Royal Society Publishing

A local lattice Boltzmann method for multiple immiscible fluids and dense suspensions of drops

Timothy J. Spencer, Ian Halliday, Chris M. Care


The lattice Boltzmann method (LBM) for computational fluid dynamics benefits from a simple, explicit, completely local computational algorithm making it highly efficient. We extend LBM to recover hydrodynamics of multi-component immiscible fluids, while retaining a completely local, explicit and simple algorithm. Hence, no computationally expensive lattice gradients, interaction potentials or curvatures, that use information from neighbouring lattice sites, need to be calculated, which makes the method highly scalable and suitable for high performance parallel computing. The method is analytical and is shown to recover correct continuum hydrodynamic equations of motion and interfacial boundary conditions. This LBM may be further extended to situations containing a high number (O(100)) of individually immiscible drops. We make comparisons of the emergent non-Newtonian behaviour with a power-law fluid model. We anticipate our method will have a range applications in engineering, industrial and biological sciences.

1. Introduction

The lattice Boltzmann method (LBM) [1] solves a minimal form of the differential kinetic Boltzmann equation for a mesoscopic particle distribution function (PDF) whose result matches the continuum Navier–Stokes equations. The LBM numerical scheme is a simple two-step algorithm, consisting of PDF collision and then streaming with several noteworthy differences from traditional schemes [1]. Among these, we highlight that the collision step and all hydrodynamic quantities of interest (pressure, velocity, shear rate, stress) are computed locally, on a grid node, avoiding any need for (i) data communication between nodes and (ii) solving a Poisson equation for pressure. Boundary conditions are readily implemented, from simple, local, microscopic rules. LBM, then, is a high performance, O(2) accurate, simple, explicit, parallel algorithm scalable to greater than 105 processing cores [2], which opens up many new avenues in applied computational science.

LBMs for multi-component flows have popularly been taken up. Benefitting from some of LBM’s intrinsic features, various multi-component lattice Boltzmann (MCLB) models exist. Briefly, we note only the more popular (original) variants. The method of Shan & Chen [3] uses a microscopic interaction potential to model phase changes and interfacial tension behaviour. The method of Swift et al. [4] rests upon a total free energy, consisting of Landau phase transition terms and surface tension terms, after Cahn–Hilliard theory. The method of Lee & Fischer [5] uses another variant of the Cahn–Hilliard approach, combining a potential form of the free energy and a high-order finite differencing scheme. The method by Gunstensen et al. [6] evolves earlier lattice gas automata models, and has sharp-interfacial immiscibility (a source of lattice pinning error) but an appropriate interfacial tension may be directly imposed. The model of Halliday et al. [7] similarly assumes arrested coalescence and immiscibility, but uses a diffuse interface, with directly imposed interfacial tension.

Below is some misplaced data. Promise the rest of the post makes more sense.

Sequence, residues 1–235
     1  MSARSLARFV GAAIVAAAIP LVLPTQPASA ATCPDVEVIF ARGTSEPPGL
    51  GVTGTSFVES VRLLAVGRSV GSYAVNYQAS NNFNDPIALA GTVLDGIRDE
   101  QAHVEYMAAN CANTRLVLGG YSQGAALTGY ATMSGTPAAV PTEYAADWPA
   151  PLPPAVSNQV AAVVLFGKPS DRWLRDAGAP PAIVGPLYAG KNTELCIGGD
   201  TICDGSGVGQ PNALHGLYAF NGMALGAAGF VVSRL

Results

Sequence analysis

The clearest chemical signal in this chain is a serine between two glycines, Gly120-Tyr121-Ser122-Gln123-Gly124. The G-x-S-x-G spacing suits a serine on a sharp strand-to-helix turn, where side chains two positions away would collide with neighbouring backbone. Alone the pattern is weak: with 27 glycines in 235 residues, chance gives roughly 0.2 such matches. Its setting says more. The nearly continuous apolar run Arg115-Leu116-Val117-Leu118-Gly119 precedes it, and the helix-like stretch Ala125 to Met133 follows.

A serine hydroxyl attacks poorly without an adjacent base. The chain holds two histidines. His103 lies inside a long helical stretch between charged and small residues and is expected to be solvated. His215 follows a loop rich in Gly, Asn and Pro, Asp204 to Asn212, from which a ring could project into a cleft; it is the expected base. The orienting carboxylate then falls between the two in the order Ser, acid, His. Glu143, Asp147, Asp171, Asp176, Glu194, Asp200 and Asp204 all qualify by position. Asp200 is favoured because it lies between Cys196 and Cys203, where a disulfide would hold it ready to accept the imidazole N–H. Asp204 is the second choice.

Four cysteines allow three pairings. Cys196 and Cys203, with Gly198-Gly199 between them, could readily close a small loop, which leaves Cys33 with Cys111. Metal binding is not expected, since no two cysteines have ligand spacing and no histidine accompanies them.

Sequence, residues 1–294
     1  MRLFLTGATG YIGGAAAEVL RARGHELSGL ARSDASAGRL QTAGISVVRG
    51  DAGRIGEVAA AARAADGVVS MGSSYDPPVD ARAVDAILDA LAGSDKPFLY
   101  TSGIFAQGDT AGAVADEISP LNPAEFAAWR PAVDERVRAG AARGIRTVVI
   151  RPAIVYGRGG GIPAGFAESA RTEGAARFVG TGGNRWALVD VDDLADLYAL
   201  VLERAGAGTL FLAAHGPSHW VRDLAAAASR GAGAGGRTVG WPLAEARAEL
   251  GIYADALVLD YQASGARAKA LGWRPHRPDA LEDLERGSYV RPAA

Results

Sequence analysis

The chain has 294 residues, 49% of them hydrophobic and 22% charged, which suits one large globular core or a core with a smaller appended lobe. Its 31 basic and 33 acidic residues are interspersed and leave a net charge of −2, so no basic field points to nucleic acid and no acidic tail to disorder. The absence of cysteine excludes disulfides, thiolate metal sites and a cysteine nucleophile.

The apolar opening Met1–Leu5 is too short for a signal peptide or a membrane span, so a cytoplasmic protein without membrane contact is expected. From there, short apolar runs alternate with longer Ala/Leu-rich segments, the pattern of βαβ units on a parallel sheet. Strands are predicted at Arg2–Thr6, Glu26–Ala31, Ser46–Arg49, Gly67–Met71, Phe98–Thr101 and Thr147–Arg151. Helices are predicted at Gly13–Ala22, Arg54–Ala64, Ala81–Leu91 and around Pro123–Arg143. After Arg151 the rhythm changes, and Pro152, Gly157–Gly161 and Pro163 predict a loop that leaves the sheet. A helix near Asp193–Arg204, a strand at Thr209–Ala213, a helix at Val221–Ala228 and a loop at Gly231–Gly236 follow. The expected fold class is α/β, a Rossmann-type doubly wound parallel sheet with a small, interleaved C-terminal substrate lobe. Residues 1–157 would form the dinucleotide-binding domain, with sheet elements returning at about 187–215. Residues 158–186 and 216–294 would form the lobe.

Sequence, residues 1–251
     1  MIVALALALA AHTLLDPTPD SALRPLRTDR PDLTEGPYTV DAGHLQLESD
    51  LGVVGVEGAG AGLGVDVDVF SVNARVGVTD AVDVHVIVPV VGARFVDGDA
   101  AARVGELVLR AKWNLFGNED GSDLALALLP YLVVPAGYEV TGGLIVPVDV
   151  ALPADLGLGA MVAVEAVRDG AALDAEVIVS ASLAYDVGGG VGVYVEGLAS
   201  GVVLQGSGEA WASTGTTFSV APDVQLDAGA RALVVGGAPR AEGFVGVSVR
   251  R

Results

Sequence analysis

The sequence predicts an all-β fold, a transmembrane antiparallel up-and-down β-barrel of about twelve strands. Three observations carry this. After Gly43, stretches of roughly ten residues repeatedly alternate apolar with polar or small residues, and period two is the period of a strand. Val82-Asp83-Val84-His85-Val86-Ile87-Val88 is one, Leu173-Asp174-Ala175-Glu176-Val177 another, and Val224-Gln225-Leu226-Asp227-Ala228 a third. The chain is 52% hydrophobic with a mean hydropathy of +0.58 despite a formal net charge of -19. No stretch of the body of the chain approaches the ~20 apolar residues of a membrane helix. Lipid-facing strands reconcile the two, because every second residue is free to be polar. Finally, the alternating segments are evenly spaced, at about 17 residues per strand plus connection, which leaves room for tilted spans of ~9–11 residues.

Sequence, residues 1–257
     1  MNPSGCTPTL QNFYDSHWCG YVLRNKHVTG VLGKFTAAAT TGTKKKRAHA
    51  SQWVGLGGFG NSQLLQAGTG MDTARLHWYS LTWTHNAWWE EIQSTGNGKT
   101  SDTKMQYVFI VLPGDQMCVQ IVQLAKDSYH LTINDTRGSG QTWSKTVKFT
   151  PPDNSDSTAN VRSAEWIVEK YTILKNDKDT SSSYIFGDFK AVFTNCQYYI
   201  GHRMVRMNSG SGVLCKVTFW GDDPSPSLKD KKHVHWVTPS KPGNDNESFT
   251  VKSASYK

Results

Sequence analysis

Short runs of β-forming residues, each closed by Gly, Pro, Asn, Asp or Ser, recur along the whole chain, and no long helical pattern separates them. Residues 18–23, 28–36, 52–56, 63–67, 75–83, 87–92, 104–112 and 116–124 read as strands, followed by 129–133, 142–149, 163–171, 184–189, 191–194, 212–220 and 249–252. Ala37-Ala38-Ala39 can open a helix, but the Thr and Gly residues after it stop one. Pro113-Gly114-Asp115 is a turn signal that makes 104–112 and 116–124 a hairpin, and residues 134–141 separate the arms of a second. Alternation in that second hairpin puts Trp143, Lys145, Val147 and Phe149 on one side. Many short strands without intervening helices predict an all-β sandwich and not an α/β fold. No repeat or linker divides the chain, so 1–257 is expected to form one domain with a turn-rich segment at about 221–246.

Of these MCLB models, methods of Shan & Chen [3], Swift et al. [4] and Lee & Fischer [5] are useful in problems where phase separation kinematics features, whereas the methods of Gunstensen et al. [6] and Halliday et al. [7] avoid these calculations, by considering completely phase-separated, isothermal systems. Only the method of Lee & Fischer [5] is free from so-called spurious velocities due, in main, to its appropriate, non-local, treatment of both directional and non-directional derivatives separately. This does not exclude the use of the alternative schemes; rather, it limits their use to cases in which the hydrodynamic velocity is larger than any spurious velocities.

The common feature of all MCLB models, and indeed many other multi-component numerical methods, is that they calculate gradient terms, ranging from first to third order, which require information from neighbouring lattice nodes and, sometimes, additional sweeps of the underlying lattice algorithm, which discards some of the key advantages of the LBM concept, in which computations were local.

Here, we aim to demonstrate a new MCLB method that retains this advantage of core LBM, namely, local computations and an efficiently scaling parallel algorithm. Previously, a method by Santos et al. [8] had developed a local MCLB method based on the concept of field mediators; however, the method contains a velocity-dependent interfacial tension whereas in the proposed model we avoid this and develop, possibly, a simpler algorithm. Our method is based on the isothermal MCLB method of Halliday et al. [7], which has been shown to be analytically tractable, to recover the results of analytical calculations of interfacial deformation [9], to accommodate extra force terms to allow moderate density ratio and viscosity ratio mixtures [10] and to accommodate dynamic wetting conditions [11]. We then apply this new method to study emergent, non-Newtonian properties in suspensions of deformable particles, in a channel flow.